The Control Centre is one of the most important aspects of operating a pipeline. Control Centre Operators, also known as CCOs, work around the clock to ensure our pipeline systems continue to operate safely and efficiently. Charlotte Hinds took time out of her busy schedule to discuss her role as one of our dedicated CCOs.

What does a typical work day look like for you?

I work 12-hour rotating shifts, a mix of day and night shifts. Once a shift begins, a shift handover is required, the goal of which is to advise the incoming operator of the scheduled pumping orders and any ongoing matters. Then, after reviewing the schedule and shift handover, I spend the remainder of my time carrying out scheduling orders and dealing with any matters that may arise. Some of my regular duties include monitoring the pipeline flow and pressure, and making adjustments when necessary. This includes starting and stopping pumps, directing product flow by means of valve movement as well as analyzing and responding to system alarms. I also liaise with other departments at Kinder Morgan Canada to ensure scheduling orders are executed and product quality is maintained.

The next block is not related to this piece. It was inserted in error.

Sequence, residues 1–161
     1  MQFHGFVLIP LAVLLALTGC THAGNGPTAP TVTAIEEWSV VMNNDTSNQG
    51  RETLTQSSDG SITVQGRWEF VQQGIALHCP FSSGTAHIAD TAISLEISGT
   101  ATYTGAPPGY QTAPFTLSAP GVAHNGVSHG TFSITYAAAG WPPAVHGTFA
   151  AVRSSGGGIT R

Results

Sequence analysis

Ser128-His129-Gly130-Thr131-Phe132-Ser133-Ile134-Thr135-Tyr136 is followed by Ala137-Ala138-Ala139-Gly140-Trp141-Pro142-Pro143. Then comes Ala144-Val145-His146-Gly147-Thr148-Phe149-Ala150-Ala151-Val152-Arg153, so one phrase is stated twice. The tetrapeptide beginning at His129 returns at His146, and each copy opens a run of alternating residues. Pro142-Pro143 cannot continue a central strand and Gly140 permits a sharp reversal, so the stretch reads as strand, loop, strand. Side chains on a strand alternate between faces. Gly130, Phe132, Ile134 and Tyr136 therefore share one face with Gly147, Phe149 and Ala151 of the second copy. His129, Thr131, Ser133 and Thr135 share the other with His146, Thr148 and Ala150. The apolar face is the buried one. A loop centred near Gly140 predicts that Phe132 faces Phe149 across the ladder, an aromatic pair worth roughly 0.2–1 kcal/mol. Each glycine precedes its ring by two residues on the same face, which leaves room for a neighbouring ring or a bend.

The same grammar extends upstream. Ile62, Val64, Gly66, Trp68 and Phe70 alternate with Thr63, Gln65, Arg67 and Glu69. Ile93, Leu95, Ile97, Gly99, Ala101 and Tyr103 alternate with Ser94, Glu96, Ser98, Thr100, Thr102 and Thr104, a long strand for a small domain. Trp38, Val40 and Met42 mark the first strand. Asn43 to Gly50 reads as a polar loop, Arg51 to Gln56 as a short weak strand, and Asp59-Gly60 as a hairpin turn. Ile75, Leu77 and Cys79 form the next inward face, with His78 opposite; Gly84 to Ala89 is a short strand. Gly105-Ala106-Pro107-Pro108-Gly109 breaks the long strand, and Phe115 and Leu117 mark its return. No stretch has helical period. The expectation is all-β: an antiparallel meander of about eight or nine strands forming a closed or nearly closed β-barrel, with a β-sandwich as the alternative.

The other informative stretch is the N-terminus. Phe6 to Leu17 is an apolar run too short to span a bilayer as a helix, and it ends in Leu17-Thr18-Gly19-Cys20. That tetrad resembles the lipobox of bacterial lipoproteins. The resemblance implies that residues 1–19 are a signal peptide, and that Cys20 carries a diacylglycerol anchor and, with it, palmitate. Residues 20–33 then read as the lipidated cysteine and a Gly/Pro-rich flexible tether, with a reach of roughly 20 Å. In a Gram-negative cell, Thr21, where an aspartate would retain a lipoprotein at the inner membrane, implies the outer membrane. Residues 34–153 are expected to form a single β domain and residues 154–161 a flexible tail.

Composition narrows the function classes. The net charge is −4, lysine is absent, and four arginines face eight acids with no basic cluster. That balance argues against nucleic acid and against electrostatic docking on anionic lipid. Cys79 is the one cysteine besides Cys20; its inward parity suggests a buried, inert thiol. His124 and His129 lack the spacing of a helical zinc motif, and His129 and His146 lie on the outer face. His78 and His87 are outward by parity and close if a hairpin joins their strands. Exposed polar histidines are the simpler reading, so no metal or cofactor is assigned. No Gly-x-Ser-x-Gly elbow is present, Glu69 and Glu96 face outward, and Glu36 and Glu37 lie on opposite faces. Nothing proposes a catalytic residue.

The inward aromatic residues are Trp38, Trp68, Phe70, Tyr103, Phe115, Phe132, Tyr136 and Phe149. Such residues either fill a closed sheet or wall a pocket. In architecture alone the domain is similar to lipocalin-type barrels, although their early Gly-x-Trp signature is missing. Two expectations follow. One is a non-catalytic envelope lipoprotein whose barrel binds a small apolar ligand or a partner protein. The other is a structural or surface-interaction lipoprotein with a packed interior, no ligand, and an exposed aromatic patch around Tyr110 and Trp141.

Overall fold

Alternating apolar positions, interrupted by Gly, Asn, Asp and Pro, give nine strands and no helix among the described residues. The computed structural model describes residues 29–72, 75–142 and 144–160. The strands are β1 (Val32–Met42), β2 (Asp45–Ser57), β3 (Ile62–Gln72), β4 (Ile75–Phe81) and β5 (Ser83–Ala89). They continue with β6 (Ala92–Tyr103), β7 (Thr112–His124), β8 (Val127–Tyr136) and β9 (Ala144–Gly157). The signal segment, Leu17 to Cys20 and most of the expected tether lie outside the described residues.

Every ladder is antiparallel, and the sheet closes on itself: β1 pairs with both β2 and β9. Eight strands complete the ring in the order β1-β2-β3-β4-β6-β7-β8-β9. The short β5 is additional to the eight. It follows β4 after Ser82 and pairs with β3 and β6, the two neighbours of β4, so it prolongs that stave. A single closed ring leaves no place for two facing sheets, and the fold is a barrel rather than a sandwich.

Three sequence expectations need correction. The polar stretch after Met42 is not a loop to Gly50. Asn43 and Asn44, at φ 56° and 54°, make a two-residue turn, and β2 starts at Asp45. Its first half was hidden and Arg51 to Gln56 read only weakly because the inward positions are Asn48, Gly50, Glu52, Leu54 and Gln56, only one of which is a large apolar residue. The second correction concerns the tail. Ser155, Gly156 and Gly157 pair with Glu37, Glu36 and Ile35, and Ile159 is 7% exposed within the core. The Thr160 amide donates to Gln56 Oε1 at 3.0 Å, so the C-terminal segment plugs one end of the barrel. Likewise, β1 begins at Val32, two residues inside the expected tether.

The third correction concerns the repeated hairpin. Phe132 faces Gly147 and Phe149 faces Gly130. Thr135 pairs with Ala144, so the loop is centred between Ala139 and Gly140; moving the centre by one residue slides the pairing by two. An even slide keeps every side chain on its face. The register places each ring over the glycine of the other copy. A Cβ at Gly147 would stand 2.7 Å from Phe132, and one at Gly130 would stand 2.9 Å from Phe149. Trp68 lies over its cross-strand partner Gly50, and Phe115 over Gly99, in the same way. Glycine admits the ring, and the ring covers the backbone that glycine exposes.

What is the most important task you perform?

One of the most vital roles of being a CCO is to respond safely and promptly to pipeline emergencies. Pipeline emergencies can come in various forms; CCOs are trained to be prepared for and to respond safely and quickly to all possible scenarios.

What is SCADA and how is it used to keep the pipeline safe?

SCADA stands for Supervisory Control and Data Acquisition. It is our operating system and is the interface between the Control Centre and the pipeline. We send commands through SCADA and they are received and carried out using on-site PLC communications. We also receive data about the condition of the pipeline. The information about flows, pressures, tank levels and positions of valves is analyzed by our leak detection system and compared to a flow model. If any changes occur in the data that is outside the prescribed norm of the flow model, we look into it immediately to determine if any problems need to be addressed and resolved.

What type of education and training is required to become a CCO?

I completed the Chemical Engineering Technology program at the Northern Alberta Institute of Technology (NAIT). At the time, my goal was to become an outside plant operator. I didn’t know that pipeline Control Centre Operators existed! I think any of NAIT’s engineering technology courses can lead you to a career as an operator. I have also worked with others who had prior experience as outside plant operators and/or in a trade before becoming a CCO.

What do you enjoy most about your role?

Being a CCO is a challenging but rewarding career. If I have to choose one thing I like best, it is the work-life balance. Working the shifts we work allows me to spend quality time with my family. It takes some getting used to, but once you find what works best for you, the benefits are amazing.